Rare Disease or Rare Success: A Tale of Two Genomes
News Mar 04, 2016
When Congenica heard how an Iowa woman with a severe muscle wasting disease had not only diagnosed the genetic basis of her condition, but also realised it was linked it to a muscle-bound phenotype exhibited by Canadian Olympic hurdler Priscilla Lopes-Schliep, the company was inspired and wanted to see if they could help.
Jill Viles was delighted to hear of Congenica’s interest and their offer to help by sequencing her genome and those of her family in order to understand more about the rare muscle-wasting disease that affects her family - Emery-Dreifuss Muscular Dystrophy (EDMD). The hope is that this work will enable improved diagnosis and treatments for others patients with the condition.
During her undergraduate studies, Jill spent approximately 25 hours a week of her own time researching the disease. Eventually she found photographs of patients with Emery-Dreifuss and realised that the descriptions of the symptoms were very similar to those of herself and her family. This discovery also alerted her to the fact that her father and brother were at a higher risk of cardiac failure, a recognised feature of EDMD. Her father was immediately fitted with a pacemaker and her brother is receiving one later this year.
As a 19-year old, Jill had already uncovered a considerable amount of evidence that her family suffered from EDMD, but doctors were still very reluctant to issue a definitive diagnosis. Jill took matters into her own hands and contacted an Italian research team that was working on EDMD. Jill collected blood samples from her family and shipped them to the researchers in Italy. It took a further four years before the team was able to confirm Jill’s diagnosis in 1999.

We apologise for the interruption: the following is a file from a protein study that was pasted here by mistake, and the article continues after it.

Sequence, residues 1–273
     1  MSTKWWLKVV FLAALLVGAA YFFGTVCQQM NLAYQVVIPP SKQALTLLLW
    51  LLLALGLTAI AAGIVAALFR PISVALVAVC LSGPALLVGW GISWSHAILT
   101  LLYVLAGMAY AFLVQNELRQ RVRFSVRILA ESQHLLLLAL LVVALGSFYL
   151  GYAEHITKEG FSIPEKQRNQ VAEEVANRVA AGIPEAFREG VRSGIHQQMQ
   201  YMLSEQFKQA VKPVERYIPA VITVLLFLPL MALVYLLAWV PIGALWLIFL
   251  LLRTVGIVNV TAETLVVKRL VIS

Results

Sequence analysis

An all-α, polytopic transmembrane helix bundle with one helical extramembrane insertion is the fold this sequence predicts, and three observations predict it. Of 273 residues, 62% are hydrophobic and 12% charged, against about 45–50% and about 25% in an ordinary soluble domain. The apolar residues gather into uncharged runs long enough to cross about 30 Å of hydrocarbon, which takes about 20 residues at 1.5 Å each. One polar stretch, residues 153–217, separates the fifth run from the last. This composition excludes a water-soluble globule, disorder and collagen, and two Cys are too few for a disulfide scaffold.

The underlying pathogenic mutation was identified in the lamin A (LMNA) gene. Mutations in this gene cause a spectrum of disorders and further research by Jill, this time as an intern at the Johns Hopkins School of Medicine, identified that her condition was a form of the fat-wasting disease known as partial lipodystrophy. This blocks the body from storing fat in some areas, especially the arms and legs.
In some cases, mutations in this pathway cause the patient to have excess muscle growth, which was a feature of Jill’s father, who had characteristic ‘Popeye’ arms. Jill’s sister has similar features, and at a conference on lipodystrophy, she learned about a female Olympic sprinter who had very little fat. However, this elite athlete, Priscilla Lopes-Schliep, also had unusually large muscles. Jill began researching once again and was able to confirm that Priscilla was indeed missing fat in the same unique places around her body as Jill and her family. Jill was convinced that both she and Priscilla had a LMNA mutation, but that additional genetic modifier mutations gave the pair drastically different body types.
Jill eventually got in contact with Priscilla with the help of David Epstein, an investigative reporter and former senior writer at Sports Illustrated. The two have since become close friends, with Priscilla deciding to undergo genetic testing at the University of Texas Southwestern Medical Center, Dallas. There, Dr Abhimanyu Garg, a recognised expert in lipodystrophy, was able to confirm Jill’s prediction that she and Priscilla had different mutations in the same LMNA gene.